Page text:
For the 4th of July holiday, the boys and I decided to take a refresher and kayak the Tallopoosa River. The farmer had an itch to relax in his own boat for a few hours and a good river float would do the trick. Sissy was invited to the lake for a couple of days and as a girl-teen-mom, I obliged.

I packed a sack of bologna sandwiches and chips; the boys packed a cooler and we all loaded up in our little red Toyota pickup. Tagging behind the truck was a trailer used to stack the kayaks and drive them to our drop off point. We would park the truck and float the few hours down river to our friends’ treehouse-style, riverfront  bungalow.

Driving to the river is an adventure itself. It takes a maze of rural country roads, bridges, dirt paths and farmland to get to the canopy of trees that overlooks the river. It is key that you keep the windows rolled down and you drive a good bit slower than usual so the father can tell long and magical stories of times gone by through family and country living.

We eventually arrive at our kayak drop-in point at a place called “the mud house.” It’s an old shack that appears to be made of stucco or “mud” that apparently used to be a party place back in the ’70s. Next to it is an ancient Burlington Northern yellow caboose train car covered in ivy and weeds. The boys always talk of going in but the idea of sneaky snakes always keeps them at bay.

We drag our boats off the trailer and grab our supplies for the next few hours. Sheppy boy has his life jacket strapped on tight and pulls one red boat down the muddy forest path. I keep my eyes peeled for snakes; we are in the middle of nowhere land, completely secluded, a deep forest broken up by one very large, beautiful river.

Isaac helps us load into our boats at the bank, coolers, kids and paddles. In minutes we are afloat in this magnificent stretch of Alabama. We have taken this route at least five times and still every time we begin, we each sit back and stare; the sounds of birds for miles mixed with slow waters and space that never ends.

It is a dream.

Shep perches himself atop his father’s boat as the ultimate rower, and the father is always very happy about this. Braxton is seen far ahead of us as a small speck on a lime, green raft. He is much like his mother as he always finds an escape in solitude anywhere he goes. I love this about him, sinking into himself where he is certain, peace and wonder resides.

When the river is high, there are few stops on rocks and shoals, as they are covered and unseen by the water, but there are still patches of lush green river grass found in the middle to stop and have a quick hangout. Our favorite hangout being the bologna sandwich.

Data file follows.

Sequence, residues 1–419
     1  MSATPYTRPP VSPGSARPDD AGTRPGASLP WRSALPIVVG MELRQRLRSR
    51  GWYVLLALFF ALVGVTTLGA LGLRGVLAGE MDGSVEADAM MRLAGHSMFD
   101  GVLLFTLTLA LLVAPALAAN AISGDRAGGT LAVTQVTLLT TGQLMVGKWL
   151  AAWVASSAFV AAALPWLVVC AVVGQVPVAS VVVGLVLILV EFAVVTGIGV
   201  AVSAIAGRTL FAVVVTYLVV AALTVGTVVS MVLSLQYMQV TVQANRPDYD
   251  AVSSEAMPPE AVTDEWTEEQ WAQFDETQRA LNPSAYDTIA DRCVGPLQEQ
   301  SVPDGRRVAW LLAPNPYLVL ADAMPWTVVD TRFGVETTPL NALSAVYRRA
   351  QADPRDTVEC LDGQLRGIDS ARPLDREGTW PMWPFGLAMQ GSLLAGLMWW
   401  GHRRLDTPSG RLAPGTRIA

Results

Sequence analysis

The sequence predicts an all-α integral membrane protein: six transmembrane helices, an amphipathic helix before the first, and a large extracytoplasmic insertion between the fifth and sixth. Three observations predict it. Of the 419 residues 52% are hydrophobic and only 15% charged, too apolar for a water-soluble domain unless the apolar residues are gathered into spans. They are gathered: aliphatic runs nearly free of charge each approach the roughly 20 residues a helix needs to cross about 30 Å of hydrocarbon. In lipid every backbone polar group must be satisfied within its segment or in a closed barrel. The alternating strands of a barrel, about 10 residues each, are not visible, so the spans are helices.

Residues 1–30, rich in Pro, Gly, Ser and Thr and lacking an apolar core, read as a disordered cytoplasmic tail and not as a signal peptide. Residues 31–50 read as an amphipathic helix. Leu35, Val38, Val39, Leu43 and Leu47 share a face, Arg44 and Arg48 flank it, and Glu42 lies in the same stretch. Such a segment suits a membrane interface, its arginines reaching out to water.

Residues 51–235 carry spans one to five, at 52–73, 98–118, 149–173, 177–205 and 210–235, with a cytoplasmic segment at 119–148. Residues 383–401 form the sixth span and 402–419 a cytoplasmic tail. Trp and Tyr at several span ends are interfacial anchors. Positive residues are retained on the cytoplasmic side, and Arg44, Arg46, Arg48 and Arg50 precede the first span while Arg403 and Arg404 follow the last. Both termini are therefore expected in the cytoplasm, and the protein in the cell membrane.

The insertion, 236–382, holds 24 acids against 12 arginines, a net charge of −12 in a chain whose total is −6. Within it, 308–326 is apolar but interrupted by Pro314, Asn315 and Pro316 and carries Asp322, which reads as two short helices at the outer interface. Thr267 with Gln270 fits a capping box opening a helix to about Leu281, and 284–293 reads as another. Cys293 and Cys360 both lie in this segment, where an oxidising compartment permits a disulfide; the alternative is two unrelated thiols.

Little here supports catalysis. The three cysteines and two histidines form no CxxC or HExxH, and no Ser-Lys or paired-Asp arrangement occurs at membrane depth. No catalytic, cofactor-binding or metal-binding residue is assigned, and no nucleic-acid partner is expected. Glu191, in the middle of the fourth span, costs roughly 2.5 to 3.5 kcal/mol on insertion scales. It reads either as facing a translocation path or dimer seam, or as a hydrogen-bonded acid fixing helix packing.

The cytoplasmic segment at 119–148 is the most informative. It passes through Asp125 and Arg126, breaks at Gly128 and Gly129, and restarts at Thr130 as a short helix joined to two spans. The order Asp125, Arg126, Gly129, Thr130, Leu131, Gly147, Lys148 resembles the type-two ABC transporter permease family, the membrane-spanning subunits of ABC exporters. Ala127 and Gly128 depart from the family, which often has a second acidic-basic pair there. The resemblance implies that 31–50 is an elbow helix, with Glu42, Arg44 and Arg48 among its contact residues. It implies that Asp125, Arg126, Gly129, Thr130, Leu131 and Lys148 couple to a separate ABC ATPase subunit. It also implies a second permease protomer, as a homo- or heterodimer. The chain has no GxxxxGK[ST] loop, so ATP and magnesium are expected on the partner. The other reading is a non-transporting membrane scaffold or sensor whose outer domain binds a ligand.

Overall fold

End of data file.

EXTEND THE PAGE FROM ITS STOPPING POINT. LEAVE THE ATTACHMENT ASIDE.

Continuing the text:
Have you ever had a bologna sandwich on a hot summer day? If so, it is the most fantastic thing you will ever eat. There is no comparison. My mother used to pack us a cooler full on trips to the beach or Calloway Gardens. It is essential to any summer and if you have yet to have a bologna sandwich this season, please make it a point to do so, even if for your own backyard picnic.

After the sandwich, my mind begins to get all juicy and thoughtful in my own solitude; something you kind of can’t help on a secluded river.

I began thinking about the great nation we live in and all the chaos we perceive around ourselves. We are told of all the hardship on news and media, yet what I see in my own day to day is good. I am still here. I am still a child of God. My family is fed, our beds are made and we are together. There is still no place I’d rather live nor people I would rather do life with.

I am alone on a vast, open river, where I cannot see what’s around the corner. I’m paddling — right, left, right, left — and with every other stroke I think “gratitude … gratitude … freedom.”

We are more united that we make out to be. We are more connected than we often see. We are more blessed than we imagine being. Gratitude seems to get me every time.

And why is gratitude something we forget about almost daily? How is it even intensely faithful people like me need a constant reminder?

We are today still one nation under God. No one has ever known what’s around the corner, so why are we any different than all those that came before us?

We aren’t. We are just as vulnerable as all the men and women that fought for us to be here today, we are also just as fierce, just as determined and just as brave.

I think the idea is that we do not give up. And that we remember to count the blessings and gifts of today.

The freedom we hold in our hands is due to another that persevered for us, and that job is now placed in the hands of me and you. We are Americans, land of the free and home of the brave. May we remember, that that person is us.